At this point, I decided I wanted to supplement Duolingo. This was a learning experience in itself. The teaching of Latin was the template for language instruction for, what, the last 15 centuries? And boy, a lot of Latin coursework is the epitome of old-skool (haha) language learning. The classic approach, it seems, is that after a quick lesson on how to pronounce the letters, you learn all 6 cases for the first noun declension! Fun times.

After looking around and reading a lot of reviews, I settled on three books:

And I've got a notebook and I even went and got 3x5 cards to make flashcards with. Not to mention that I can find stuff on the internet.

I'll keep doing Duolingo, because I do actually have faith in the principles they're following. Daily practice and repetition are powerful learning tools, and I've learned stuff by adhering to their philosophy. Plus they have some excellent and useful sentences, like Uxor maritum senilem habet ("The wife has an old husband") and Velisne vinum rubrum ("Would you like red wine?").

Overall, though, I'm not sure if the Duolingo/ALM approach can ultimately work all by itself. Maybe for others, but I guess I'm not going to give it a chance to be my sole way to learn Latin.

[1] By coincidence (or was it?) I started seeing sentences involving graves around Halloween last year.

[categories]   ,

|


  09:40 PM

As I said in part 1, when I started with Duolingo, I realized that it used the principles of the audio-lingual method (ALM), which emphasizes patterns and practice over grammar instruction. But how do you teach someone a language starting from nothing? And, as per the ALM/naturalistic philosophy, without explaining anything?

When I started with Duolingo, I didn't know how the app worked. Now I'm sorry that I didn't start capturing screenshots right at the beginning. But I'll try to recapture some of it by showing you roughly how the teaching progresses.

1. Start with pictures

Duolingo started by introducing basic vocabulary with pictures, like this:

As you can see, they make these as easy get as possible. Hey, Latin is fun!

2. Solicit sentences where it's hard to make errors

The next phase is to have you recognize words that you've been introduced to. They do this in a couple of ways. One approach is the classic multiple-choice answer. In my exercises, there have only been 3 choices, and I've found that the 2 incorrect answers are pretty easy to eliminate. They're not trying to trip you up; they're trying to make you successful, so they're asking for just a tiny bit of effort. So far.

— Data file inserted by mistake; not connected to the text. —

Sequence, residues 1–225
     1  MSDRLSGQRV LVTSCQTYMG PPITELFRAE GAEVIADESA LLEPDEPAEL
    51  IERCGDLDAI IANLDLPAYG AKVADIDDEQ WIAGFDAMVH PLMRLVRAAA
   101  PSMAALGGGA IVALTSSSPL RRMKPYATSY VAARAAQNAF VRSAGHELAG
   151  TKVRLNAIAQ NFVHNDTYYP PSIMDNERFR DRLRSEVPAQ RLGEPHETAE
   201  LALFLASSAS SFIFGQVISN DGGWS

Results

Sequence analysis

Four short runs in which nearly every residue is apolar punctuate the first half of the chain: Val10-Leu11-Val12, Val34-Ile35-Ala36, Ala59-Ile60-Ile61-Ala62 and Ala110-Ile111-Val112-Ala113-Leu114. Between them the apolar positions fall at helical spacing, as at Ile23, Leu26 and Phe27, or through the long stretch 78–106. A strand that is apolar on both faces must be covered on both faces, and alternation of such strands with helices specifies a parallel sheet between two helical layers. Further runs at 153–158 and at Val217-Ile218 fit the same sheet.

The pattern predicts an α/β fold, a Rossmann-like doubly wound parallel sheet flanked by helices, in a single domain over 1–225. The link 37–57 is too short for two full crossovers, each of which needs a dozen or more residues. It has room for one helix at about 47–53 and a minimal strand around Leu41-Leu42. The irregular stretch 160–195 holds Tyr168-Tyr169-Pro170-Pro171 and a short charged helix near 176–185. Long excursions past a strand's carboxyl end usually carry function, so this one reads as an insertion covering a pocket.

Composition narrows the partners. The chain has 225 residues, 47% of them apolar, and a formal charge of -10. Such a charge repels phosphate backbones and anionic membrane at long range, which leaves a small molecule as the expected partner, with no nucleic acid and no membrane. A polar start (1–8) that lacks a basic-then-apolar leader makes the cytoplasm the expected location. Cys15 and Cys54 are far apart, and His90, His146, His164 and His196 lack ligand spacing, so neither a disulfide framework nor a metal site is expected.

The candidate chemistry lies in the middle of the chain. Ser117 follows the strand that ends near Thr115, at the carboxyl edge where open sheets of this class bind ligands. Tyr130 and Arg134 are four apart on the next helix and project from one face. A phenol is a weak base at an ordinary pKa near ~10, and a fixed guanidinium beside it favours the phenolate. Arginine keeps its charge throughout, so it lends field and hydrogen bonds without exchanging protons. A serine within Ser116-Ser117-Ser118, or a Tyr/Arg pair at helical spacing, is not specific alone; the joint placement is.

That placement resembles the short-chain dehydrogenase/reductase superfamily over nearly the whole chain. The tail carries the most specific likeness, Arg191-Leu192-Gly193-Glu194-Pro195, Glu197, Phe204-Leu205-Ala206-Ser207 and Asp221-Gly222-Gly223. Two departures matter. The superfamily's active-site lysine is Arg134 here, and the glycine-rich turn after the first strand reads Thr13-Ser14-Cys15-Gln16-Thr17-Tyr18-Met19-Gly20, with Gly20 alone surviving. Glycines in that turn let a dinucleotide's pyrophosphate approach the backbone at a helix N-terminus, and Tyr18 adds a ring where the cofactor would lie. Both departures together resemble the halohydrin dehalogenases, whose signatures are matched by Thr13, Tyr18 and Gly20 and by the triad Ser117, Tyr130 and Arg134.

(By the time I got around to snapping this screen, I'd gone quite a bit beyond the intro to the words puer ("boy") and urbs ("city"), obviously.)

Another approach that they use is to give you a short sentence and then have you assemble the translation by selecting (clicking) words from of a limited set of choices. In this phase, they again give you choices that make it pretty easy to get the right answer.

They use this approach a lot, and it's one way that they introduce changes in the pattern. Here's a variant form of urbs in a sentence:

In the first example, Corinna built four cities. In the second example, I built the city. What you're supposed to deduce from many repetitions of these types of related sentences is that when "city" is singular and the direct object, it's urbem; when it's plural and the direct object, it's urbes. But as I keep saying (sorry), they never utter terms like direct object, or for that matter, singular or plural. With enough repetition, you start picking up patterns like these.

They also use this "click the word" approach to introduce vocabulary that doesn't lend itself to pictures, like verbs. They give you a sentence where, by process of elimination, you figure out which one is the one you don't know. In this example, it's almost impossible (imo) not to figure out what venis means, given the choices they provide:

Up to now, you're just clicking. This seems weak—as someone on Twitter said, "I dislike clicking things to try to learn a language." A fair point, but there's a method here: you're simply seeing vocabulary, with a minor boost of having to actually pick from a small selection of choices. Now they change it up.

3. Solicit sentences aurally

The next step is that they dictate a sentence to you and you type it out:

This does a couple of things. One is that you encounter the new terms in a different medium, namely through the ear. (If I were studying a modern language, this listening skill would be critical[1].) An important benefit is that you're writing the terms that up to now you've only been reading and occasionally clicking. This is stepping up your language acquisition; you're now actually producing the language, albeit in a highly prompted way.

4. Translate to English free-form

Another form of exercise is where you produce a free-form English translation of what you're reading:

This takes away the training wheels (no hints via the clickable words) and it exercises your ability to understand what the different word forms actually mean. For example, in this example, you have to recognize that sunt means "are" and that Philadelphiae means "in Philadelphia," even though there's no "in" in front of it. (These are things that you would have been introduced to and drilled on before you see this exercise.)

5. Solicit translations into Latin